Things get hot when you put coals on them! Get a lifter that has 3 'legs' on it keep the lid sturdy as you check your meals. After all that hard work cooking, the last thing you want to do is dump ashes in your dinner! Trust me!
No lighter fluid needed! Don't even need the easy to light charcoal. And it's easy to start a fire. Save your paper towels/plates or use the inside of the charcoal bag as a start. It's that simple. You don't need a big one.. you just end up burning more charcoal.
I setup this hammock every time we go camping and sometimes just hanging out in the park after a hike. And when relaxing at home, I have a portable hammock stand that's perfect for the back yard.
The first hammock I've ever owned, this is my tent when I go camping or backpacking! I love it! I usually sleep on my stomach but in this hammock, I quickly fall asleep on my back or side.
If you can, get the over sized rain fly so you don't have to be so precise in your setup.
Yes, I have 3 hammocks! I haven't noticed a difference between the Wise Owl and the Eno so that one is up to you. Just make sure your hammock comes with some straps and carabiners so you can hang it.
What Amy wears hiking & camping
I've spent a lot of time and money trying to find the perfect clothes for hiking and camping. I have finally found durable, flexible clothes that keep me warm & cool! Below are the actual items that I wear during hikes & camping trips.
Plus, they are my FAVORITES!
prAna Halle Pant
My favorite hiking pants! They are the green pair I usually wear on camping trips and I just got a new blue pair.
People compliment my pants every time I wear them.
The first time I wore the green pair, an amber spit out of the fire on to my pants. 7 years later, the hole never frayed!
prAna Foundations Short vneck
I just got this shirt and it has quickly become my favorite! So soft to the touch, flowy not clingy. I don't need to wear another shirt under it which is what I normally do.
I'm about to get this shirt in multiple colors! 🙂
Smartwool 250 baselayer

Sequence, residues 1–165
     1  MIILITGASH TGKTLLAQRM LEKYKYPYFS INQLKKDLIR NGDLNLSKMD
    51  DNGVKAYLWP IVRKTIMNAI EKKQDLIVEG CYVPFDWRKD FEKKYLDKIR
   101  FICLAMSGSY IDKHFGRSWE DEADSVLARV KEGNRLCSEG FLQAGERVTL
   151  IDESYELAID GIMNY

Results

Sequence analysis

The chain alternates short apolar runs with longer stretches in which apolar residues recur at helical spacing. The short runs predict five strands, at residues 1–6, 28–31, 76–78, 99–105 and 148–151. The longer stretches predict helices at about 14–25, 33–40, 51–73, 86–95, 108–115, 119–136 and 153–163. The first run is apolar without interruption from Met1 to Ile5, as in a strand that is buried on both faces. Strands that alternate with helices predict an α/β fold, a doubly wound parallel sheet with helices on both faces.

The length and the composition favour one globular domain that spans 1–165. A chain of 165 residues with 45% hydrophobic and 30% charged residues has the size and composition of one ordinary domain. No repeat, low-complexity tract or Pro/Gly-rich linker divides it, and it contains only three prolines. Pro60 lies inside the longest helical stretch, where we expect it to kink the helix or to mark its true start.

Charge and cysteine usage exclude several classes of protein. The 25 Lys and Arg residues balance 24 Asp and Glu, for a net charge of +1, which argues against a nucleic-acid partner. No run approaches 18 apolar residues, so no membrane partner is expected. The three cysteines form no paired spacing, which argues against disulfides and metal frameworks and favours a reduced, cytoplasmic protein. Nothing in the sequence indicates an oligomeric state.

Last year I finally added a Smartwool baselayer to my collection. It's worth the money. It'll keep you warm without going through the night sweat & night chill cycle. (i.e. hot then cold and repeat.)
Smartwool Socks For Hiking
I bought my first pair of Smartwool socks 18 years ago during my first year as a raft guide and I never looked back.
Smartwool socks are the only socks I own now. (And I'm about to get a whole new collection because Tucker ate them. 🙁 )
Most people wear thicker hiking socks but I like this pair.
Smartwool Socks For Camping
Then when we get back to camp and it's cooler outside, I love my thick, tall Smartwool socks! They come in fun designs that you can show off over your baselayer or yoga pants.
Salomon GTX Hiking Shoe
The only hiking boot I own. I guess that's kind of surprising since my day job is leading hikes, but I like this shoe for every occasion. Waterproof, I've tested it! And overall comfortable. Decent grip (for super sandy, steep rock, I might want something else but otherwise, these boots are all I need!
Hiking Glacier and Waterton Lakes National Parks, 4th: A Guide to the Parks' Greatest Hiking Adventures (Regional Hiking Series)
Hiking Canyonlands and Arches National Parks: A Guide To More Than 60 Great Hikes (Falcon Guides)
Hiking Zion and Bryce Canyon National Parks: A Guide To Southwestern Utah's Greatest Hikes (Regional Hiking Series)
Hiking Big Bend National Park: A Guide to the Big Bend Area’s Greatest Hiking Adventures, including Big Bend Ranch State Park (Regional Hiking Series)
And maybe the best book ever... Great overview of all National Parks.
Your Guide to the National Parks: The Complete Guide to all 59 National Parks (Second edition)